I have always been a sucker for herbal gifts. My friends know this, so I not only give them, I tend to receive them as well. I line up the beautiful bottles and fancy packages with elegant names on a shelf just to admire hem. Problem is, sometimes these raffia-wrapped and tinsel-tied bottles, tins, and calico bags are almost too dazzling to use. I become tempted to save them for special occasions— like when Mel Gibson shows up for dinner unannounced.
In my long experience of collecting and hoarding herbal gifts, I’ve found that the ones I make myself are every bit as enticing as those from gourmet specialty shops and expensive boutiques. Not only are most of them surprisingly easy to put together, but they’re a creation of my own hand and garden, so they’re unique.
Here’s why your own versions of herbal gifts will be better than anything you can buy:
• Better flavor and aroma. Contrary to popular belief, it’s not love that makes homemade gifts superior; it’s the ingredients. People who make their own are particular about what they use, often combining the finest, healthiest, and most exotic ingredients they can find. Commercial producers, on the other hand, cut corners with less expensive ingredients and smaller proportions of expensive ones. Health is rarely a consideration. In your own recipes, you can use organic herbs and vegetables, natural colors, and ingredients harvested at their peak and carefully preserved for maximum flavor and aroma. Using the best ingredients naturally makes a better product.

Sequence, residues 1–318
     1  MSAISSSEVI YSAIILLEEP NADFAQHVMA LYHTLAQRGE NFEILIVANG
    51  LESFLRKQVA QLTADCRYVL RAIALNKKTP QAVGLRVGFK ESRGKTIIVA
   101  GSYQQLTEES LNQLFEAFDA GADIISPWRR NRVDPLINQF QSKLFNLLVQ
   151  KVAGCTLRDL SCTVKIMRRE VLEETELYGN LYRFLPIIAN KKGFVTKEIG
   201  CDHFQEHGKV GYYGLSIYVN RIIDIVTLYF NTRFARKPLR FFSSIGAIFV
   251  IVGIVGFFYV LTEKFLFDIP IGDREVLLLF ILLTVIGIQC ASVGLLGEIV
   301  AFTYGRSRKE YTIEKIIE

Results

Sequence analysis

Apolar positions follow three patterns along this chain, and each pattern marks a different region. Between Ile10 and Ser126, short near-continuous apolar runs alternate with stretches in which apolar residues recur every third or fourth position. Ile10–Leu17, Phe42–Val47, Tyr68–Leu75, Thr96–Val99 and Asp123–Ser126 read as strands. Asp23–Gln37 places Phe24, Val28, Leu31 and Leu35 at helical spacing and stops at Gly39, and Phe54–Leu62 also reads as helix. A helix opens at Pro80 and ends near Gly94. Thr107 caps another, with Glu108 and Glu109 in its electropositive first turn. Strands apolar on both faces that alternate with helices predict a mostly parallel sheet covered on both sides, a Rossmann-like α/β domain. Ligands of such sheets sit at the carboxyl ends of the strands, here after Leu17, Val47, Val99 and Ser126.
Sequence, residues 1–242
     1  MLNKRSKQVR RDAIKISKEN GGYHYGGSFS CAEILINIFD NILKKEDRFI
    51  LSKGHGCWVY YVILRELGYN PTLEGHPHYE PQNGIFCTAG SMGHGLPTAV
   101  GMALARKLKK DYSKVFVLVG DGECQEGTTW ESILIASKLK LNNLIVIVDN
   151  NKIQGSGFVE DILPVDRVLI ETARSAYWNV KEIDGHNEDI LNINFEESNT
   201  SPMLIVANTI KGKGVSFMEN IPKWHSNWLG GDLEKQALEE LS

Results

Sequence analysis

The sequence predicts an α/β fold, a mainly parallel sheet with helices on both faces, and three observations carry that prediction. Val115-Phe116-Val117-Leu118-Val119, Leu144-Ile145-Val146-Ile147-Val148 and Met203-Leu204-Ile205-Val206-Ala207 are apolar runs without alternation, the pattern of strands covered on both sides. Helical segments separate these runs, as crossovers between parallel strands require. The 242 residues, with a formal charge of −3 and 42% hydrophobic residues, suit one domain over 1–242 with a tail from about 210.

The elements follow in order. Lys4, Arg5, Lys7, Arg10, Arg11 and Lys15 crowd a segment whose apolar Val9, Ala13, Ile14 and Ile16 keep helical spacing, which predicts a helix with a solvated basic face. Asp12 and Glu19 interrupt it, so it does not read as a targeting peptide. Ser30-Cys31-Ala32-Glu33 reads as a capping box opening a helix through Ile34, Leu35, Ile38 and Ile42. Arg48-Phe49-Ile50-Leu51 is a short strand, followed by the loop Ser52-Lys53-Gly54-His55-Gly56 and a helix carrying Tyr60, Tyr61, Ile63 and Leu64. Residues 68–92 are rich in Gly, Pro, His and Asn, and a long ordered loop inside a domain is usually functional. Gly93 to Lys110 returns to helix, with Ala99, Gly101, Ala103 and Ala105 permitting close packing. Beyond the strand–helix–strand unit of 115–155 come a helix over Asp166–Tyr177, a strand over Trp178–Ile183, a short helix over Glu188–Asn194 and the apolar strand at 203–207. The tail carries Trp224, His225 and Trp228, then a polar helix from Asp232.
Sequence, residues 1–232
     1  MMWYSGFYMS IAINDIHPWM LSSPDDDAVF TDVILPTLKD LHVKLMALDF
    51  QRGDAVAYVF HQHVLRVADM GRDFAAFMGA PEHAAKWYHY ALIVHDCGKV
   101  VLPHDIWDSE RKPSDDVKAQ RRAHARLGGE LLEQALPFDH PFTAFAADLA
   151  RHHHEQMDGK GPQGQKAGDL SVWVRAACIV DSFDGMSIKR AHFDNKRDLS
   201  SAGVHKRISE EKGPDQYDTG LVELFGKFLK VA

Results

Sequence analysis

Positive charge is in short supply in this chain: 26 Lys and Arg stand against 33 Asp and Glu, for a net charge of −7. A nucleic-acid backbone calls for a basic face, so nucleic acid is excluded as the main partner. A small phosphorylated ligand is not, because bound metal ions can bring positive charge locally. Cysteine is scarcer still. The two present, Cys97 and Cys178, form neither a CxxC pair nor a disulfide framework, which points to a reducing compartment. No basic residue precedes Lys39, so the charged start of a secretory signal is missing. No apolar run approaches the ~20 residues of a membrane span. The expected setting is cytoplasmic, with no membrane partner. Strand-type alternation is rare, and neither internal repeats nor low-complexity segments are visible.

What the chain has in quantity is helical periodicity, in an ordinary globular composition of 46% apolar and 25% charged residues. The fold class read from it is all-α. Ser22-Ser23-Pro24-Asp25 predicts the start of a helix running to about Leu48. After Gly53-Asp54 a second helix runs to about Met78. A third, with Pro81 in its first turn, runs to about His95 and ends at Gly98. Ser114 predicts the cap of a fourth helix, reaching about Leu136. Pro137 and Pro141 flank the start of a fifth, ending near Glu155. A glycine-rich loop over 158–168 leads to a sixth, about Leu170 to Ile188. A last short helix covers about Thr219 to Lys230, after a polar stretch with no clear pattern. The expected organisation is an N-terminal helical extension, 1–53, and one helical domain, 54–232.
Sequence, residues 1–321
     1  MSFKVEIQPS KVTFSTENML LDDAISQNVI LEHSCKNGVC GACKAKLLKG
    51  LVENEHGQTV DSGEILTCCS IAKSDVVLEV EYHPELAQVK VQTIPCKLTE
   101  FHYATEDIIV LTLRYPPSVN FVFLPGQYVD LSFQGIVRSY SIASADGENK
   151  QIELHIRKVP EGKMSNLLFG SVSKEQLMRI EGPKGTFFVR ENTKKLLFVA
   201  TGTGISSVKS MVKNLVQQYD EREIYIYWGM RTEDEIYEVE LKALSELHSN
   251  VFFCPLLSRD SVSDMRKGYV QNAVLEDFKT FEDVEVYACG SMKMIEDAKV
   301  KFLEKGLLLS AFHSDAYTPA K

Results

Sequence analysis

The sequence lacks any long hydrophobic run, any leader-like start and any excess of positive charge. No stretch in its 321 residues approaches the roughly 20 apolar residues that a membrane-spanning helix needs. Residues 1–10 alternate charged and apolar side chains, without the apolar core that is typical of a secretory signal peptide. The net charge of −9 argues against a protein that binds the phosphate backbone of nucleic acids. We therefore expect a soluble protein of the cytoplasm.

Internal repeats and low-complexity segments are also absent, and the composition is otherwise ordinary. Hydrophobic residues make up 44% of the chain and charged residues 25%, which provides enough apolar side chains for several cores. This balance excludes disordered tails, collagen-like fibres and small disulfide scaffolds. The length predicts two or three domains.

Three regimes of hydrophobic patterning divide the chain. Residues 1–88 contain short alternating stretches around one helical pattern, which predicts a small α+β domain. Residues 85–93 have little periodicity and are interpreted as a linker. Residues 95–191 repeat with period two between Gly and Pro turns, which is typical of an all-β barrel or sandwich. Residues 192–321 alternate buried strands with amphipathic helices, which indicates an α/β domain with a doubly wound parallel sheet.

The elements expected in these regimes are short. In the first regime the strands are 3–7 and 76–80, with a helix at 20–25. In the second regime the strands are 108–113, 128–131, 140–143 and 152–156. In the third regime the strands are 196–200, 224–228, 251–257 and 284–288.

• Unlimited combinations. Buying herbal gifts limits you to what is available. When you make your own, you are limited only by your imagination.
You can use more of what you like and less of what you don’t. It’s easy to create signature blends tailored to your tastes. Curry powder is one of the best examples. In the United States, we buy curry powder as if it were a single spice, but it bears little resemblance to the authentic curry recipes passed down for generations in India. Every Indian family has its own secret formula of spices, and the recipes vary significantly. When you’re balancing complex flavors, your own combination will always taste better to you than anything someone else formulated for mass consumption.
• Lower cost. Although high-quality ingredients may be expensive individually, the total cost for homemade gifts is often only a small proportion of the store-bought version. Buying in bulk quantities or high volume significantly reduces the price. Bulk herbs, spices, and nuts are often available in health-food stores where you can purchase only the amount called for. This lets you avoid keeping large quantities of ingredients that continue to lose their aroma or flavor the longer they are stored.
• Fancy packaging. A significant portion of the cost of gift items goes into packaging, but those beautiful wraps really don’t cost much if you do them yourself.
• Garden gratification. Most herb gardeners have more herbs than they can use. By making your own gifts, you can use up your precious harvest. Use the recipes below as a starting point, then revise them according to what spices, flowers, and herbs you have on hand and what you harvest from your garden.
A couple of tips before you start: Be sure your herbal gift includes a label with instructions and ingredients. Each of the recipes below includes a sample label you can use.
Second, realize that you might want to make large quantities of these recipes once you’ve tried them. It’d be a shame to have none to keep for yourself!
Debbie Whittaker, a frequent contributor to The Herb Companion, demonstrates her healthy cooking style as the “Herb Gourmet” in Denver, Colorado.
RESOURCES FOR BOTTLES AND CONTAINERS
Burch Bottle and Packaging Watervliet, New York
Mid-Con Agrimarketing Olathe, Kansas
Rainbow Meadow Poland, Ohio
SKS Bottle And Packaging Mechanicville, New York
Sunburst Bottle Company Sacramento, California
Specialty Bottle Supply Seattle, Washington